Timber framing and construction allows you to enjoy the benefits of its insulating properties. Not just that, it also retains heat and maintains a conducive temperature and atmosphere inside the home. Timber is one of those materials that would sustain you in both hot and cold climatic conditions, and you wouldn’t have to spend too much on HVAC solutions either.

  1. Longevity and ease of use

Timber is surely one of the most durable materials for constructing a home, especially the new age timber frames which go through special treatment to make the material is stronger, more resistant and also durable. The best part is that timber is also such an easy and convenient material to work with. The build time for a timber frame home is significantly lesser than most other traditional materials. Erecting a timber frame home can be done with ease, and it also does not require any extensive concrete footings, hence the quickness of construction.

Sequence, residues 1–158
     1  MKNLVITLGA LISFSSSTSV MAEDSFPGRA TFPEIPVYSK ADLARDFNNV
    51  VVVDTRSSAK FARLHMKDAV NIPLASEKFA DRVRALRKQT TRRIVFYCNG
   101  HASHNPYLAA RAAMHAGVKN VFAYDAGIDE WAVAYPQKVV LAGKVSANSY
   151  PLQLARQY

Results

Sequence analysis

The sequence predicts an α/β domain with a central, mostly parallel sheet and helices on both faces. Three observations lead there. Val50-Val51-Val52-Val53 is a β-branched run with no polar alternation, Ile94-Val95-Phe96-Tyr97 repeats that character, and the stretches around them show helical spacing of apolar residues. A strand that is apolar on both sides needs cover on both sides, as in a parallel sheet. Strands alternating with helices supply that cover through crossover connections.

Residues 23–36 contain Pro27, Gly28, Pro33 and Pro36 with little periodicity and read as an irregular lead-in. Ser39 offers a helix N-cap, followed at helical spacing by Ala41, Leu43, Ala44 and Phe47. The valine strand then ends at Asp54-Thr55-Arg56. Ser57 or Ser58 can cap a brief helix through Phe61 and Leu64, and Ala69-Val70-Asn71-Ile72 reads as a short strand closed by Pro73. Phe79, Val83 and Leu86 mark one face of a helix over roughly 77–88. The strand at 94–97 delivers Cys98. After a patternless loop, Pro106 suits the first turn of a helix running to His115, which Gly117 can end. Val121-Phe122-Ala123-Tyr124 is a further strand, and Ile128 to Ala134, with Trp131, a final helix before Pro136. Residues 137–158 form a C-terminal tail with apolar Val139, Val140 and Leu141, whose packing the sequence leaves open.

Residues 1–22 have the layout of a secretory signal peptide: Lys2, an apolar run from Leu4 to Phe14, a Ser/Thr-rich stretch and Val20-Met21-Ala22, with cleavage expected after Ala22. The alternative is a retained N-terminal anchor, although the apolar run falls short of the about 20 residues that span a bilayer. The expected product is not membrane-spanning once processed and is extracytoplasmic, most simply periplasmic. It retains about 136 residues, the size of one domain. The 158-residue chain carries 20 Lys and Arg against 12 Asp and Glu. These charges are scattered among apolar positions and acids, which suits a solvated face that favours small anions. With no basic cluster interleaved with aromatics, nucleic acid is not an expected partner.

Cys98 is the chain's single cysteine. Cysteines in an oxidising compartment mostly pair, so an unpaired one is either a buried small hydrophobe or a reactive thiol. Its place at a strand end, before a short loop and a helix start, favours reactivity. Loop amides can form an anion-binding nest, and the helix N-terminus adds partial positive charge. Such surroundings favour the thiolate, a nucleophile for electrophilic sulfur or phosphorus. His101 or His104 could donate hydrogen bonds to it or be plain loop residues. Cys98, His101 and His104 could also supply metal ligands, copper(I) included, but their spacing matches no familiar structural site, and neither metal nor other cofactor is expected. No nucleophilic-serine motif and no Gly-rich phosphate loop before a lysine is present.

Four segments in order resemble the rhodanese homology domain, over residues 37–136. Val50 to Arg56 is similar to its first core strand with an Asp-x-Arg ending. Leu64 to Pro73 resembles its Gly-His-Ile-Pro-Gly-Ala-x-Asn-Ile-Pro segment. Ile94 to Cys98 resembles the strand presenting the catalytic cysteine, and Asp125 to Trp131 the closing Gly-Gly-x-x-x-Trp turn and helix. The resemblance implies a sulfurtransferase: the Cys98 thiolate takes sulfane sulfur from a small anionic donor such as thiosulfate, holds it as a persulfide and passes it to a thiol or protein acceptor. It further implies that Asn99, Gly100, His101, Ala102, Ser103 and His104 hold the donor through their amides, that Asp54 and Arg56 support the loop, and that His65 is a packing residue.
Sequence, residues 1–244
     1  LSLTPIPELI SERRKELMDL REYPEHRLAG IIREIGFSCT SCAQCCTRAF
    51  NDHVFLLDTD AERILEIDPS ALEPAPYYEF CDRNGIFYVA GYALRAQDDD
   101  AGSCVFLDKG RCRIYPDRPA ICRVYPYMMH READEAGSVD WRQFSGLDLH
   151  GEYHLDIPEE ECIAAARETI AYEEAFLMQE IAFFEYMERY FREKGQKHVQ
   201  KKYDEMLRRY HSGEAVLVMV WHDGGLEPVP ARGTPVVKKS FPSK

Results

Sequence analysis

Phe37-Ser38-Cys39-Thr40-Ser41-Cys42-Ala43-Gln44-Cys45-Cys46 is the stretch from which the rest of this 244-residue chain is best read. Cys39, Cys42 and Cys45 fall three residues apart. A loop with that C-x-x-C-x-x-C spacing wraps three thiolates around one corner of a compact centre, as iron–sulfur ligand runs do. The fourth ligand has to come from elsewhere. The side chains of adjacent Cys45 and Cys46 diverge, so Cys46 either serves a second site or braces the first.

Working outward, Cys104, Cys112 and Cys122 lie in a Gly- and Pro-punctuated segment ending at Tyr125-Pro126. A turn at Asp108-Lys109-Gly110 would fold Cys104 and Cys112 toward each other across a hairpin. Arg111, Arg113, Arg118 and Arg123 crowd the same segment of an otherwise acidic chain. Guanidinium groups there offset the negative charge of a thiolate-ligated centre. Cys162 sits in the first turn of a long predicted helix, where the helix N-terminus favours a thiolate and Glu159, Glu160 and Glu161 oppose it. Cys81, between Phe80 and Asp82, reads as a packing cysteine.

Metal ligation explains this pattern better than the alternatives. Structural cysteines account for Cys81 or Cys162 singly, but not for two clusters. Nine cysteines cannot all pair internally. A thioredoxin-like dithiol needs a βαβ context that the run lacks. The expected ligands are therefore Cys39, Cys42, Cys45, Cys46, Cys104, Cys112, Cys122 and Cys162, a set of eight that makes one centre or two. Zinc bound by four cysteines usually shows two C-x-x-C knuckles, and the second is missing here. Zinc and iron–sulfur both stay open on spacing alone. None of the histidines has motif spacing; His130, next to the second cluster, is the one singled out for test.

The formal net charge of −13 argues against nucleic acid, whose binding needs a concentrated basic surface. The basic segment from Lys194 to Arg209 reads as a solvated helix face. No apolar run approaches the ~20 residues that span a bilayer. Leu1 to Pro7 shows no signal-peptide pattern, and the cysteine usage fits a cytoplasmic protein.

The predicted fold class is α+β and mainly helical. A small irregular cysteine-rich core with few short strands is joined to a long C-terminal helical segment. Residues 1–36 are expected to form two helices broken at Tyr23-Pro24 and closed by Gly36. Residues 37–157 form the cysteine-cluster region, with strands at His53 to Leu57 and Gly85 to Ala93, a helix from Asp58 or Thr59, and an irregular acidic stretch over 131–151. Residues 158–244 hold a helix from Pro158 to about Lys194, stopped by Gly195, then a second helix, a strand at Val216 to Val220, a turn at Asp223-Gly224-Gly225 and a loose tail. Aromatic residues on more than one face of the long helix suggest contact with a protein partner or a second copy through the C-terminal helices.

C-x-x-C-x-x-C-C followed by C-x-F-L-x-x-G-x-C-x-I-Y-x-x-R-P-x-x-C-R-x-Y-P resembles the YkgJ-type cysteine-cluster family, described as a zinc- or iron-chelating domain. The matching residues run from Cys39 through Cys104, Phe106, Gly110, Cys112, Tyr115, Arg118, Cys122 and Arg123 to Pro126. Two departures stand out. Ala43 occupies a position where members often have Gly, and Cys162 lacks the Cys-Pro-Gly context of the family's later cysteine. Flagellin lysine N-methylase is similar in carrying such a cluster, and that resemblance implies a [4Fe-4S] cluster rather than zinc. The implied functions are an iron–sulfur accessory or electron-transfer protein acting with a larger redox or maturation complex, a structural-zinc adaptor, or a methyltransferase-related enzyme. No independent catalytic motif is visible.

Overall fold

1. Versatility outdoors and indoors

There are umpteen options for you to choose from, where timber can be used to add-on to the beauty of your home both internally and externally. Outdoor kitchens, pergolas, gazebos, picnic shelters, covered decks, bridges and so much more can be done to the external area of your home.